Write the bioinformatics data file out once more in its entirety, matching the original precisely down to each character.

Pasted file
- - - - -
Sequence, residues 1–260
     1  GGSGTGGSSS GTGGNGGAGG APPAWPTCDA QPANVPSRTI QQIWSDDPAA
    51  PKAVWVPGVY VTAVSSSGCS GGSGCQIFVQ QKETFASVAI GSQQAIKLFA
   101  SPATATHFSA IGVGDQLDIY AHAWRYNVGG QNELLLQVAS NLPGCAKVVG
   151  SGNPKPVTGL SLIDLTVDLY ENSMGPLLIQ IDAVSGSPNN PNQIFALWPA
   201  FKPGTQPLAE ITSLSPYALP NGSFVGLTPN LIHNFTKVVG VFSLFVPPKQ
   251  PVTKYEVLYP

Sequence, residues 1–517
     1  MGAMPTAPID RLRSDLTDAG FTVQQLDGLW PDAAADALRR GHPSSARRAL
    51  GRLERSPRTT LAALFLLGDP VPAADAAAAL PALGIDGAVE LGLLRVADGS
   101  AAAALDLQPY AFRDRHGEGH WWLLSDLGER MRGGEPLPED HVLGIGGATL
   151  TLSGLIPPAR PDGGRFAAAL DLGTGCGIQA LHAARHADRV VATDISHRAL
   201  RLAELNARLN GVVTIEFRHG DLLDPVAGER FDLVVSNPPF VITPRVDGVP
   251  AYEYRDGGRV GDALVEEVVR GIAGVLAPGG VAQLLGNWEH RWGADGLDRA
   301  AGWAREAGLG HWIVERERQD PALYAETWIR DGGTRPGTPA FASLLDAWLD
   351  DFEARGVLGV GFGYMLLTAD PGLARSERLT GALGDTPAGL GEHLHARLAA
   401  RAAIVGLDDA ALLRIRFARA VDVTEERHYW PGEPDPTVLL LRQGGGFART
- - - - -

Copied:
Sequence, residues 1–260
     1  GGSGTGGSSS GTGGNGGAGG APPAWPTCDA QPANVPSRTI QQIWSDDPAA
    51  PKAVWVPGVY VTAVSSSGCS GGSGCQIFVQ QKETFASVAI GSQQAIKLFA
   101  SPATATHFSA IGVGDQLDIY AHAWRYNVGG QNELLLQVAS NLPGCAKVVG
   151  SGNPKPVTGL SLIDLTVDLY ENSMGPLLIQ IDAVSGSPNN PNQIFALWPA
   201  FKPGTQPLAE ITSLSPYALP NGSFVGLTPN LIHNFTKVVG VFSLFVPPKQ
   251  PVTKYEVLYP

Sequence, residues 1–517
     1  MGAMPTAPID RLRSDLTDAG FTVQQLDGLW PDAAADALRR GHPSSARRAL
    51  GRLERSPRTT LAALFLLGDP VPAADAAAAL PALGIDGAVE LGLLRVADGS
   101  AAAALDLQPY AFRDRHGEGH WWLLSDLGER MRGGEPLPED HVLGIGGATL
   151  TLSGLIPPAR PDGGRFAAAL DLGTGCGIQA LHAARHADRV VATDISHRAL
   201  RLAELNARLN GVVTIEFRHG DLLDPVAGER FDLVVSNPPF VITPRVDGVP
   251  AYEYRDGGRV GDALVEEVVR GIAGVLAPGG VAQLLGNWEH RWGADGLDRA
   301  AGWAREAGLG HWIVERERQD PALYAETWIR DGGTRPGTPA FASLLDAWLD
   351  DFEARGVLGV GFGYMLLTAD PGLARSERLT GALGDTPAGL GEHLHARLAA
   401  RAAIVGLDDA ALLRIRFARA VDVTEERHYW PGEPDPTVLL LRQGGGFART